Reports of all asylum claims from Afghanistan in 2022 were 10,872; Ethiopia saw 844; Syria, 4,562; Somali, 558; and 136 people from Myanmar. However, the published data did not show how many of these were by so-called ‘safe and legal routes’ and how many arrived via small boats. 

The Government has voided any claims to asylum by those arriving in the UK via the Channel.

“Anyone illegally entering the UK will be prevented from accessing the UK’s world-leading modern slavery support or abusing these laws to block their removal,” it has said. “Any other challenges or human rights claims can also only be heard after removal, remotely.” 

Meanwhile, the restrictions on how people can claim asylum in this way has been further tightened. According to the Home Office, the Government has reduced the number of asylum seekers given ‘resettlement and relocation’ from the years ending September 2022 and September 2023, from 6,733 to 1,810 – a drop of some 73%.

The Government’s refusal on cost grounds to say how many asylum seekers have arrived outside the small boats route, and where they have come from, echoes wider fears that there are no effective safe routes left to those fleeing war. 

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Last year, Byline Times visited Calais to interview people trying to board small boats to cross the Channel to Britain. Mangal, a 42-year-old Afghan, told this newspaper: “If I had chosen the safe and legal route, I’d be in a coffin now.”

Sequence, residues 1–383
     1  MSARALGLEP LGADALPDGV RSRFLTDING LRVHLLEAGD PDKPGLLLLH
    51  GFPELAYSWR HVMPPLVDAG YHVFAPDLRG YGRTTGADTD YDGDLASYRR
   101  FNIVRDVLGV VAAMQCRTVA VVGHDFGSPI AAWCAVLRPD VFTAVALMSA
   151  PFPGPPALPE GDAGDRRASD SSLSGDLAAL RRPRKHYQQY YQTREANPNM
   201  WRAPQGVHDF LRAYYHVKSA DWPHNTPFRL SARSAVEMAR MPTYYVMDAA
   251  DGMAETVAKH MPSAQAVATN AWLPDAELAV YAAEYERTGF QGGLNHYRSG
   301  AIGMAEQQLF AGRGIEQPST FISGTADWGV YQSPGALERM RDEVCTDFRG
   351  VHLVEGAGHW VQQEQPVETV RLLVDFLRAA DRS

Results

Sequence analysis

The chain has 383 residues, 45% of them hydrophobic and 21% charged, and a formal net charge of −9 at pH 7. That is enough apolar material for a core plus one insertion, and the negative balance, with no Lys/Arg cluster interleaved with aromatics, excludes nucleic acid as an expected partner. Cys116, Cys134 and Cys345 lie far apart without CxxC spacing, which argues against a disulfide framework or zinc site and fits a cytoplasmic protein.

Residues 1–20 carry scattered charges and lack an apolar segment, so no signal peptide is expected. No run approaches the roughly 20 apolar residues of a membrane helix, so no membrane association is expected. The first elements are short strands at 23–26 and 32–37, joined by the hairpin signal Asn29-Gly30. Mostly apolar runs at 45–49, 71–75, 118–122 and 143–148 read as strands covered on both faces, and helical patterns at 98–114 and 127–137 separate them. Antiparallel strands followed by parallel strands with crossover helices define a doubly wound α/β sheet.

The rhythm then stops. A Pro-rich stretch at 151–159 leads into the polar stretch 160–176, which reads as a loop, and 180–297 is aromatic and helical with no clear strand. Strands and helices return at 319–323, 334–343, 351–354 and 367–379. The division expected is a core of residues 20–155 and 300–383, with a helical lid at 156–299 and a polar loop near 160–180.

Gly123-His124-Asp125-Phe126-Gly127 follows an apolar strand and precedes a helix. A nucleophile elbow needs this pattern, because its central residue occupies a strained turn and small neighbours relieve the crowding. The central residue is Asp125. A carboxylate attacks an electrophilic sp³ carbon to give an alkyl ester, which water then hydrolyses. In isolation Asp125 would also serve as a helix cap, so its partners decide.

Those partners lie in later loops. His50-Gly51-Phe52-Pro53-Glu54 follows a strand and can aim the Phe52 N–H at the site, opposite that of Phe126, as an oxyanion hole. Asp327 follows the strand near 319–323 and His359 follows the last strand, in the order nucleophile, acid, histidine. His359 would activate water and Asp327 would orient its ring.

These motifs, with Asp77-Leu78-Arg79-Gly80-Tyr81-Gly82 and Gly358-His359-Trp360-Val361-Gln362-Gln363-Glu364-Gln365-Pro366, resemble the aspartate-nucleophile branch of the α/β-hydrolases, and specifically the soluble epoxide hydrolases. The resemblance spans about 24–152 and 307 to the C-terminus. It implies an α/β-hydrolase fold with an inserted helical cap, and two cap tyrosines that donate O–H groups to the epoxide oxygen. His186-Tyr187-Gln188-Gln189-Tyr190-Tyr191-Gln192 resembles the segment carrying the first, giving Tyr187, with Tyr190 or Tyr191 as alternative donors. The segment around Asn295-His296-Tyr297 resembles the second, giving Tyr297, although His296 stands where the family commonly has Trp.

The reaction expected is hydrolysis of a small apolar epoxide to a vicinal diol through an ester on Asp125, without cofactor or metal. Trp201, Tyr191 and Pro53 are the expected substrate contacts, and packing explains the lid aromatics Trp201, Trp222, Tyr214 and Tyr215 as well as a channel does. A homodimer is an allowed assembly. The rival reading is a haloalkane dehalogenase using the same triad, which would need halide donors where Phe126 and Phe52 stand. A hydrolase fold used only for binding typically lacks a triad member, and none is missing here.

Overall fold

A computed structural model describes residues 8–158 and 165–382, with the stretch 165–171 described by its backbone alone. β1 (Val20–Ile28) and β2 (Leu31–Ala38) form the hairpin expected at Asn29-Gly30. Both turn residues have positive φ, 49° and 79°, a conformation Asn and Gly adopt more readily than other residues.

Having once been a contractor for the Allied Forces in Afghanistan, his family was now targeted by the Taliban, he said, and they had killed a brother. Evidence shown to this newspaper substantiated his claims. “The British officials in Pakistan couldn’t help me,” he said. “And if I went back to Afghanistan there is nobody there to assist. So, what could I do? Where could I go but here to Calais?”

It seems even those who make the journey via routes the Government deems illegal do not find the sanctuary they seek. One Afghan refugee, a shopkeeper called Fahim, is currently in the UK. He told Byline Times that “after the coalition left, the Taliban shot my father, then my brother. I knew they would kill me too, and the day I left I heard they were in my house”.

Fahim made his way to the UK and is now in the asylum centre of Wethersfield airbase, more than a mile outside the Essex village of the same name. “I thought I would be safe here, but instead they put me in Wethersfield, which feels as dangerous as Afghanistan was for me,” he added.

“No one tells us how long we will be here, but we hear about frightening things like Rwanda, or the refugee who died on the barge, and we fear what they will do to us. I asked myself if I could become so depressed, I would kill myself too. I hope not, but I do not know how long I can live like this”.

Fahim told Byline Times he was not eligible for any of the UK Afghan asylum schemes so felt forced to take the ‘illegal’ route via the Channel’s small boats.

Iain Overton will soon officially join the board for the charity Care4Calais